Hong Kong Style Egg Tarts (recipe adapted from Food.com by Celticevergreen and Dr. Gaellon)

Makes 12 Tarts

Flaky Crust (homemade or store-bought phyllo)

  • 1 cup confectioner's sugar
  • 3 cups flour
  • 1 cup lard or butter
  • 1 egg beaten
  • 1 dash vanilla extract
  • OR JUST USE 1 pre-packaged frozen puff pastry

Yummy Egg Tart Filling

  • 2/3 cup white sugar
  • 1 1/2 cups water
  • 9 eggs, beaten (this is NOT a typo- add 9 eggs)
  • 1 dash vanilla extract
  • 1 cup canned evaporated milk
Step 1: Preheat oven to 450 degrees F (230 degrees C)
Step 2: A) Make the crust or B) prepare the frozen puff pastry.
Plan A: Make from scratch a flaky crust: In a bowl, mix together the confectioners' sugar and flour. Mix in butter until it is in small crumbs. Stir in the egg and vanilla until the mixture forms a dough. The texture should be slightly moist.  Shape dough into 2 inch balls, and press the balls into small tart molds so that it covers the bottom, and goes up just above the rim. (I did not have tart tins so I used a cupcake baking sheet and this worked well.) Use your fingers or a chopstick to crimp the edges.
Hong Kong Style Egg Tarts
Plan B: Use Store Bought puff pastry for crust: Take the phyllo dough out the freezer and let it set at room temperature for about 5-10minutes. Take one sheet of phyllo dough and lay it flat on a cutting board. Find a cup or round glass that it is large enough to cut a circle to fill your tarts a with some overlapping. (I used a martini glass) Spray your pan with a little cooking spray. Place the cut phyllo circle into the tart or cupcake tin. Crimp the edges to make a scalloped edge with your fingers and/or chop sticks.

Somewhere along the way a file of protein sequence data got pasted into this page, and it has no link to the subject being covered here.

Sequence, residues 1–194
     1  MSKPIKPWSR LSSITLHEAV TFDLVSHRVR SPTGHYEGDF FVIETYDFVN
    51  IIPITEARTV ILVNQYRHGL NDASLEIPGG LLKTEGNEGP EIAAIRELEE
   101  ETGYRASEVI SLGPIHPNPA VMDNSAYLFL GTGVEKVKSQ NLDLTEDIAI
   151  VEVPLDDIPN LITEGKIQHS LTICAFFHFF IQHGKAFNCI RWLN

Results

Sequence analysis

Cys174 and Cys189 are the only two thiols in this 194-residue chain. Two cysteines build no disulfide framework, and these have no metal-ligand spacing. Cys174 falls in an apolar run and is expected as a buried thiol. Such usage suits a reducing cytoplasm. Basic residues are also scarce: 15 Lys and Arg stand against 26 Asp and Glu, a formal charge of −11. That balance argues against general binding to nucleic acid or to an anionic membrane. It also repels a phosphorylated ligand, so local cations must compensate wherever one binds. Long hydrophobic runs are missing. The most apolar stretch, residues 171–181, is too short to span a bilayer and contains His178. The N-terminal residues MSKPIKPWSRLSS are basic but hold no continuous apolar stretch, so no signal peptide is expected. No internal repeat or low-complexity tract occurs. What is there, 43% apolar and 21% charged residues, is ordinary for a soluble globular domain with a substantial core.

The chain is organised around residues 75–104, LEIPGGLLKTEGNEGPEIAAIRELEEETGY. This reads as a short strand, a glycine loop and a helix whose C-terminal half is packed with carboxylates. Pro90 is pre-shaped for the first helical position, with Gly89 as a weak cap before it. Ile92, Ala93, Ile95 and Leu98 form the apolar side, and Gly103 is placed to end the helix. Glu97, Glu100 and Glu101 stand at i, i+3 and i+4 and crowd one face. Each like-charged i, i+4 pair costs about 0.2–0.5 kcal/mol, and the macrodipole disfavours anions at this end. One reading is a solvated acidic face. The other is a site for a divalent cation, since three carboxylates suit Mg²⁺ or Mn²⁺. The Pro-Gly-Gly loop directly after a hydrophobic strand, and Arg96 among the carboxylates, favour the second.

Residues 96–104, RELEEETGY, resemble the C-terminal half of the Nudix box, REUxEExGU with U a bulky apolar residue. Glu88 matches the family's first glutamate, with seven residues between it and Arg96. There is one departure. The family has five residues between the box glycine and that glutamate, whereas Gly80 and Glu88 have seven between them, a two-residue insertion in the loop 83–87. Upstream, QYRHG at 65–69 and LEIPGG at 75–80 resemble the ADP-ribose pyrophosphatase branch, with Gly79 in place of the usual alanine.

Step 3: Combine the white sugar and water in a medium saucepan, and bring to a boil, until the sugar is dissolved. Remove from heat and cool to room temperature. Strain the beaten eggs through a sieve, and whisk into the sugar mixture. Stir in the evaporated milk and vanilla. Strain the filling through a sieve, and fill the tart shells. (Straining is a really important step so don't skip this step or your egg tarts will not be as consistently smooth and creamy as you wished.)

Hong Kong Style Egg Tarts

Step 4: Bake for 15 to 20 minutes in the preheated oven middle rack, until crust is golden brown and the filling is slightly puffed. In addition a toothpick should come clean when it is cooked.
Hong Kong Style Egg Tarts
Hong Kong Style Egg Tarts
Step 5: Cool for about 5-10 minutes in pan and then remove from cupcake pan or tart pan. Enjoy Hong Kong Style Egg Tarts while still warm with tea and friends.

 

 

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Hong Kong Style Egg Tarts

By HWC Magazine  , ,   

December 9, 2011

  • Cook: 1 hr
  • Yields: 12 Adults or 2 Hungry Teenagers

Ingredients

powdered (icing) sugar -

flour -

butter -

egg -

vanilla -

puff pastry dough -

sugar or sugar alternative -

evaporated milk -

Directions